Sea Bass Ceviche with Avocado

It is always a treat when friends cooks for me. This simple but tasty dish is based on an appetizer that our friends Merel and Barthold served at a dinner party at their house. As usual with simple recipes, it all comes down to the best quality ingredients and good technique. Ceviche is a latin American technique to ‘cook’ fish using an acid, usually lime juice. Apart from using very fresh fish, it is important to ‘cook’ (marinate) the fish only for a brief time in the lime juice to keep it juicy and tender. Just like overcooking with heat, keeping it in the lime juice for too long will dry out the fish. The ceviche is accompanied by a very basic version of guacamole: just avocado, lime juice, and salt. You can throw this together in 10 minutes and it doesn’t require any cooking with heat, so it is perfect for a summer appetizer or light lunch.

Ingredients

Serves 4 as an appetizer or 2 for lunch

225 grams (.5 lb) sea bass fillet (weight with skin)

2 avocados

2 limes

1/2 tsp salt, divided

1/4 tsp ground New Mexico chiles

fresh cilantro

Instructions

Skin the sea bass, or ask your fish monger to do it for you. (European sea bass is known under the French name loup de mer in the United States. Other white fish may be substituted.)

Dice the fish (about 5 mm or 1/4 inch) and put in a bowl, together with 1/4 teaspoon salt, 1/4 teaspoon New Mexico ground chiles, and a teaspoon of grated lime zest.

Add the juice of half a lime…

…and stir until well mixed. Start a timer for 5 minutes.

Meanwhile, remove the skin and seed from the avocado and put the flesh in a bowl. Squeeze the juice from the other half of the lime on the avocado, and add 1/4 teaspoon salt.

Mash and mix with a fork.

When the timer beeps, drain excess lime juice from the sea bass.

Put a layer of avocado in tumblers or martini glasses, topped with a layer of ceviche, and finish with fresh cilantro leaves. Serve at once (as the lime juice still present will continue to ‘cook’ the fish).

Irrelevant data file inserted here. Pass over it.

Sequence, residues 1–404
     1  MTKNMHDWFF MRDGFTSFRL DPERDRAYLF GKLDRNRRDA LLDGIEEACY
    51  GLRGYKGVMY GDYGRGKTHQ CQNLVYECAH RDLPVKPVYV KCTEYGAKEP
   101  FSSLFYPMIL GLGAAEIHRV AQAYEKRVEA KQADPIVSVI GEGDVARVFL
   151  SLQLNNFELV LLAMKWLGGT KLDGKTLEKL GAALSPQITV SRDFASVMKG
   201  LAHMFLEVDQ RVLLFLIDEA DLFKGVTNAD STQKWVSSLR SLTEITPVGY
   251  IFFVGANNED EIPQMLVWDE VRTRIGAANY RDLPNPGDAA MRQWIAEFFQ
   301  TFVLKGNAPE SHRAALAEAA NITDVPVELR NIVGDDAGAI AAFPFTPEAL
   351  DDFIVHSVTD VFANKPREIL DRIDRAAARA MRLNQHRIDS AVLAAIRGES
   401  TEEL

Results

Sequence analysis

Wine pairing

This is great with a crispy dry white wine that has enough body to handle the creaminess of the avocado as well, such as a Rueda (Verdejo and/or Sauvignon Blanc).

Flashback

DSC08883
This fresh pea velouté is made with fresh peas and mint, paired with crispy speck. The smooth sweet earthy pea soup works very well with the crispy salty smoky speck and the fresh mint. It is pretty easy to make and only takes about half an hour altogether.

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13 thoughts on “Sea Bass Ceviche with Avocado

  1. One of my very favourite first courses if superfresh fish is available. I must admit I slice it, use lemon juice more often than lime and ‘cook’ for about ten minutes, serving in a more flattish dish. The dish, under different nomenclatures, is very popular in the Pacific, but the minimum ‘cooking time’ is considered to be two hours: may be because of the hot weather conditions?

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    • It may also be a preference. Some people like their steak well done or their egg hard boiled. It also depends on how thin the fish is. I think dicing makes for a more interesting texture in combination with the guacamole. The fish should indeed be super fresh.

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  2. Your esteemed readers may also want to look up kokoda [pronounced with an ‘n’], ika mota and, naturally, sashimi . . . . oft coconut cream becomes part of the equation and I have used onions and tomatoes . . . basically the offering is still the same . . . absolutely delightful . . . oops my avocado tends to be a wee bit more Mexican also . . .

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